Cattle scab: Northern Ireland farmers urged to be vigilant
Northern Ireland farmers are being warned to be vigilant following the discovery of a case of cattle scab in Scotland.
Cattle scab, also known as psoroptic mange, is caused by mites that pierce the animal's skin to feed.
It causes severe dermatitis leading to immense irritation for the animal.
The Department of Agriculture and Regional Development (DARD) said while it was not a notifiable disease, it was of "significant animal health concern".
A Dard spokesman said: "The Department of Agriculture and the UFU (Ulster Farmers Union) are aware of the increasing incidence of the disease in England and Wales and have urged farmers... to be vigilant and consider the risk when importing cattle."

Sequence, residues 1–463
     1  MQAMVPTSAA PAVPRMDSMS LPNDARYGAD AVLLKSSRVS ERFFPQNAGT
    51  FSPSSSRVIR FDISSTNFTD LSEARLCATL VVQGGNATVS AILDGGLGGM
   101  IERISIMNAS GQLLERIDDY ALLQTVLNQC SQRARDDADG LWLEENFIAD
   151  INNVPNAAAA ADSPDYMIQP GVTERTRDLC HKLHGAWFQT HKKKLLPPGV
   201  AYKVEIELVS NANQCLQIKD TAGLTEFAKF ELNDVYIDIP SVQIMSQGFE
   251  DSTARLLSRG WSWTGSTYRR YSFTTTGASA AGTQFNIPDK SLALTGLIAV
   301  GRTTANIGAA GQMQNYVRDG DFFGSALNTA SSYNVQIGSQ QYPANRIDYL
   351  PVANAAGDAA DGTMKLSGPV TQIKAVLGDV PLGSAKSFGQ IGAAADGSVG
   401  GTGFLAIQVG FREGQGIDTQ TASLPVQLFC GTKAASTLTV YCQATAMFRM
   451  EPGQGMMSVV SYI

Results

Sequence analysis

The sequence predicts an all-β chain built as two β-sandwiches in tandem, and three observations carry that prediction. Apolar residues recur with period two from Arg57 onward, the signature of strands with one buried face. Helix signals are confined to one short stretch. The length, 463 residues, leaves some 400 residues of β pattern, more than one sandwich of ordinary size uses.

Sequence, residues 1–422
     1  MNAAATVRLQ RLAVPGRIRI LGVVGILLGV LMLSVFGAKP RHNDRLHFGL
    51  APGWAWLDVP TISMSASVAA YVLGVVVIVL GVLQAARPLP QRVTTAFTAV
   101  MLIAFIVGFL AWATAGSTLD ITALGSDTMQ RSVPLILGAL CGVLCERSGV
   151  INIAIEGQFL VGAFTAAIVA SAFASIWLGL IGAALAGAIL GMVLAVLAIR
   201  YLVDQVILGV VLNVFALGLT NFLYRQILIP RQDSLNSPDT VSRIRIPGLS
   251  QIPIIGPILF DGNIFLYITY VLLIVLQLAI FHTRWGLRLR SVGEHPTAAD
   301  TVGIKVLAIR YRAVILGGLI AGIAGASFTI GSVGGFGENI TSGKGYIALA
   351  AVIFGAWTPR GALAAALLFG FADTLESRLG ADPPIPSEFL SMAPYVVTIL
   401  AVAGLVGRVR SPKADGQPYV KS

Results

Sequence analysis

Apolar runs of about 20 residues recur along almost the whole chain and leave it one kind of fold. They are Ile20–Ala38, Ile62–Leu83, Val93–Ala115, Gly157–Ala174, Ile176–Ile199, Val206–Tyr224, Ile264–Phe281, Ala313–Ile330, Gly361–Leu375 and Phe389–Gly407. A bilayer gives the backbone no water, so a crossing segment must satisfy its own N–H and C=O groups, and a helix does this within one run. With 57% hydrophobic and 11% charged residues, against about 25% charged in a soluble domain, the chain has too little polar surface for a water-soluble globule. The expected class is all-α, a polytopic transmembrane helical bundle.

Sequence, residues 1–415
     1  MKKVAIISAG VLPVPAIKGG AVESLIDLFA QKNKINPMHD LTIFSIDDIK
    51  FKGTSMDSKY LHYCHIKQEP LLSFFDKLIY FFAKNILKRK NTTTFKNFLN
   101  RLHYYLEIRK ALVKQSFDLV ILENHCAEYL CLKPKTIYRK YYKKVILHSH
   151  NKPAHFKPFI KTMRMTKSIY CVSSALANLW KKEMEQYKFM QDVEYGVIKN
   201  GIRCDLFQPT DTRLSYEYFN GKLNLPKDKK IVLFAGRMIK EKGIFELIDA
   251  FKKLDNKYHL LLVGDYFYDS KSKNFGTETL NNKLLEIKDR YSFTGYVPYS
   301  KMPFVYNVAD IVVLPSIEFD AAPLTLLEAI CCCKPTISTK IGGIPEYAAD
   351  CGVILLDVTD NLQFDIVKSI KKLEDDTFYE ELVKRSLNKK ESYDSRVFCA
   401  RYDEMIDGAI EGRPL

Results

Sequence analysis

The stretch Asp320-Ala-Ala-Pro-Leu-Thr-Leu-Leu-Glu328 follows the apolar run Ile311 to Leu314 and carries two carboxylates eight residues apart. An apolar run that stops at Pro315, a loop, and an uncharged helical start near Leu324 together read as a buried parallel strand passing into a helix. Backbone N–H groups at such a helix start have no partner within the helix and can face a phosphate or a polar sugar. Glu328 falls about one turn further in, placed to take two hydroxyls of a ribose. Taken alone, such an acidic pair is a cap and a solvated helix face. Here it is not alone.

The first case of cattle scab to be confirmed in Scotland since the early 1980s was diagnosed by vets from Scotland's Rural College (SRUC).
The disease was found on a Borders farm in a calf recently imported, with its suckler cow mother, from outside Great Britain.
In a statement, the college said: "The disease has severe welfare and economic consequences as it causes severe dermatitis with scab formation along the back, shoulders and tail head, but it can also extend over the lower body, hind legs and the tail.
"There is usually intense itching and secondary infections are common leading to bleeding and crusting. Affected animals inevitably lose weight and in extreme cases death can occur."